Children Exposed to Triclosan Products May Face Increased Allergy Risk

A new study has found that children and teenagers exposed to too many <"">antibacterial soaps containing triclosan could be at risk for allergies. According to the researchers, too much cleanliness could be a bad thing.

Health Day News reports that the study discovered that overexposure to the polycarbonate plastics chemical, bisphenol A (BPA) could also weaken adult immune systems.

Triclosan is an antimicrobial that is ubiquitously used in so-called antibacterial soaps, toothpaste, medical devices, and even diaper bags, noted Health Day News. BPA, a known estrogenic mimicker is used in sippy cups, water bottles, dental sealants, CDs and DVDs, thermal receipt paper, and nautical resins.

Researchers at the University of Michigan School of Public Health reviewed data from the 2003-2006 National Health and Nutrition Examination Survey, comparing triclosan and BPA urine levels with cytomegalovirus (CMV) antibody levels and diagnoses of allergies or hay fever in people over the age of 6, said Health Day News.

“We found that people over age 18 with higher levels of BPA exposure had higher CMV antibody levels, which suggests their cell-mediated immune system may not be functioning properly,” wrote study first author Erin Rees Clayton in a university news release, quoted Health Day News. The team discovered that children and teenagers who tested with increased triclosan levels were likelier to be diagnosed with hay fever and other allergies. Study findings are published in the November 30 online edition of the journal Environmental Health Perspectives.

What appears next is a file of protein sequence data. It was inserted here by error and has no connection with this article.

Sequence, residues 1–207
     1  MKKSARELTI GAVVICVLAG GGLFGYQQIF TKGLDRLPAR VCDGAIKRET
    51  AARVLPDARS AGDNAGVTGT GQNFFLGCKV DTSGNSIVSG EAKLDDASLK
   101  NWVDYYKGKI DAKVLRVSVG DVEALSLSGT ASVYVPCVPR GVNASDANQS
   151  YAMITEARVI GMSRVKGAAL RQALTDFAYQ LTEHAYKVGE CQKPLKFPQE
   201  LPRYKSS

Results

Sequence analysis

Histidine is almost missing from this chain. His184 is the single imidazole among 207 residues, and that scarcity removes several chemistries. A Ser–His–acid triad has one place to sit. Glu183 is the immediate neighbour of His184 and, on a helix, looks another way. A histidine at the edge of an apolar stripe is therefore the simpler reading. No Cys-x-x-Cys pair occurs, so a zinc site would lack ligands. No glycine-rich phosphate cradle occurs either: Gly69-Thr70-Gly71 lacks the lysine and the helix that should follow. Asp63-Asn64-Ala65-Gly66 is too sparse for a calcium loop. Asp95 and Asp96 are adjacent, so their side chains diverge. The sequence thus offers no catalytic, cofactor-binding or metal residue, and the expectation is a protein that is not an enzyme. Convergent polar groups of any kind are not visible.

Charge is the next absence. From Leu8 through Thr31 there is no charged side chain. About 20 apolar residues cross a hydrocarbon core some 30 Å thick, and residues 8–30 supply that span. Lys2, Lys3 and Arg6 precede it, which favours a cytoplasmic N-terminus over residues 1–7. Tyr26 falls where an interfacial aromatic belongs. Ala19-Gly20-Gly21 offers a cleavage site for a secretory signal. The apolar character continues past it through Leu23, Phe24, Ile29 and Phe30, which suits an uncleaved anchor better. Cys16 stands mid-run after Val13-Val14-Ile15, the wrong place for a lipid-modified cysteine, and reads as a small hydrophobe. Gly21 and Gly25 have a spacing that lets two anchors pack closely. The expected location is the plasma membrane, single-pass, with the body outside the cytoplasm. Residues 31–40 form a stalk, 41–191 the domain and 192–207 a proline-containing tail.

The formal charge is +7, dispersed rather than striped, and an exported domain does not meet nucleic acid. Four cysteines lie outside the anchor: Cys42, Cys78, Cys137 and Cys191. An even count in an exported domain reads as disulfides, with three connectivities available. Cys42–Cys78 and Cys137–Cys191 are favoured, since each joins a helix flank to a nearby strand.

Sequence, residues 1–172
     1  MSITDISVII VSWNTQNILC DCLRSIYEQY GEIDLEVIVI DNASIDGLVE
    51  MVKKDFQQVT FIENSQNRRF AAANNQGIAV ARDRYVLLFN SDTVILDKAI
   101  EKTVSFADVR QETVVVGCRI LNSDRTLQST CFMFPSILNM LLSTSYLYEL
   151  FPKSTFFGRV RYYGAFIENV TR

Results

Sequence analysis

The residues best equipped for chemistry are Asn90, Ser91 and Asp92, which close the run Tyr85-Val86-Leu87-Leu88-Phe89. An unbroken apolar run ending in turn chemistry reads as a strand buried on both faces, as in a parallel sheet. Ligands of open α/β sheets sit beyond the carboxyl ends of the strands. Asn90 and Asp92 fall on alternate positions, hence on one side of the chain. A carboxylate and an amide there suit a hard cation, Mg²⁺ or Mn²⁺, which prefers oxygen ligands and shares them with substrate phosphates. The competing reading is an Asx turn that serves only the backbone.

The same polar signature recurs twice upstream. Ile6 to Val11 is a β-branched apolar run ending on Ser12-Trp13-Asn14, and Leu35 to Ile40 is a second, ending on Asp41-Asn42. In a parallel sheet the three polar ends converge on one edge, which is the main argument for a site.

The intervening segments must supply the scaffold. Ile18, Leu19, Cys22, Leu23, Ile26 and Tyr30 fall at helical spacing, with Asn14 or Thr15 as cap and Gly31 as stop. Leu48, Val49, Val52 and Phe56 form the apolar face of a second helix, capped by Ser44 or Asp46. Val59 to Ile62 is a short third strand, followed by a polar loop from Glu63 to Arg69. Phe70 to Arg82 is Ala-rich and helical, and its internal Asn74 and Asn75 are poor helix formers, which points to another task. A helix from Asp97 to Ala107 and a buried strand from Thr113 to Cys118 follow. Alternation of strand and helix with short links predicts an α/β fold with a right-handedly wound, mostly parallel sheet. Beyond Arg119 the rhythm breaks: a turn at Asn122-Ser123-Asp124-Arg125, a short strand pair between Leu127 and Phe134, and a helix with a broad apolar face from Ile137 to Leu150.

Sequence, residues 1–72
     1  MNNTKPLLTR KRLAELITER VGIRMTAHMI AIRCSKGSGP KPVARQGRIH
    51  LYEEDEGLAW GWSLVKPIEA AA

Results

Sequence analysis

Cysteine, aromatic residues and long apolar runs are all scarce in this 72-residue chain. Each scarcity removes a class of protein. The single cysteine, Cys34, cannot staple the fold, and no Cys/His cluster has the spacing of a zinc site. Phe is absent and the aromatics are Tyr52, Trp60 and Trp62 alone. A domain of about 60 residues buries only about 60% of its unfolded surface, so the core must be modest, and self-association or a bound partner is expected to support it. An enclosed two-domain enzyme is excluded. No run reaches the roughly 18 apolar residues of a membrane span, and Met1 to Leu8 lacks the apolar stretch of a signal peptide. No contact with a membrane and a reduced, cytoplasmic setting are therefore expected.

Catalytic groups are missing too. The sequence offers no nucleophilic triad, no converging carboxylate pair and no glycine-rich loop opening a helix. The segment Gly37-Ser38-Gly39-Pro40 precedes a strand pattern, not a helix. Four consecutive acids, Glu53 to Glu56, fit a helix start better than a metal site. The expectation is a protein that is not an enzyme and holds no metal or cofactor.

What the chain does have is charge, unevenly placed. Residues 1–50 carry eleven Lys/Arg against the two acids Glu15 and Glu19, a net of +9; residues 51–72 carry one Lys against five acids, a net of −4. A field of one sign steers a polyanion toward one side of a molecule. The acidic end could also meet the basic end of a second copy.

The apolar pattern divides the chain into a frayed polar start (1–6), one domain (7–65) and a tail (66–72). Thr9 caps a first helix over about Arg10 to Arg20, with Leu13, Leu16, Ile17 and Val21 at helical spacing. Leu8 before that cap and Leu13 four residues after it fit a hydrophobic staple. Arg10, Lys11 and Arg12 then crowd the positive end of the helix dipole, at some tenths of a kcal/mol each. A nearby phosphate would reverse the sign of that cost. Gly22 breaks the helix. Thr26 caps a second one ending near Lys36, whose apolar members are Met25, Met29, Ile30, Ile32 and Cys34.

“The triclosan findings in the younger age groups may support the ‘hygiene hypothesis,’ which maintains living in very clean and hygienic environments may impact our exposure to microorganisms that are beneficial for development of the immune system,” wrote principal investigator Allison Aiello, an associate professor at the University of Michigan School of Public Health, in the news release. Aiello said, quoted Health Day News, “It is possible that a person can be too clean for their own good,” pointing out that triclosan could alter those microorganisms people typically encounter in such a way that pediatric immune system development could be altered.

As we’ve reported previously, triclosan was developed as a surgical scrub, but is now widely used in consumer products such as soap and body washes, toothpaste, clothing, kitchenware, furniture and toys. Though companies that market triclosan products claim they are safe, the Environmental Protection Agency (EPA) registered it as a pesticide and has rated it high for human health risk and environmental risk. In 2005, the U.S. Food & Drug Administration (FDA) concluded that antimicrobial soaps and sanitizers do not reduce the risk of illness and infection in the home.

In April 2010, the agency issued a “Consumer Update” stating it did not have evidence that triclosan-containing antibacterial soaps and body washes provide any extra health benefit over soap and water alone. Since September 2010, a handful of consumer class action lawsuits have been filed against Dial Corporation over its Dial Complete claims.

Also, the American Medical Association House of Delegates recently called for a ban on the sale of baby bottles and infant feeding cups containing BPA and is also calling for improved federal oversight of the anti-androgen and to mandate clear product labeling to include BPA when it is a component.

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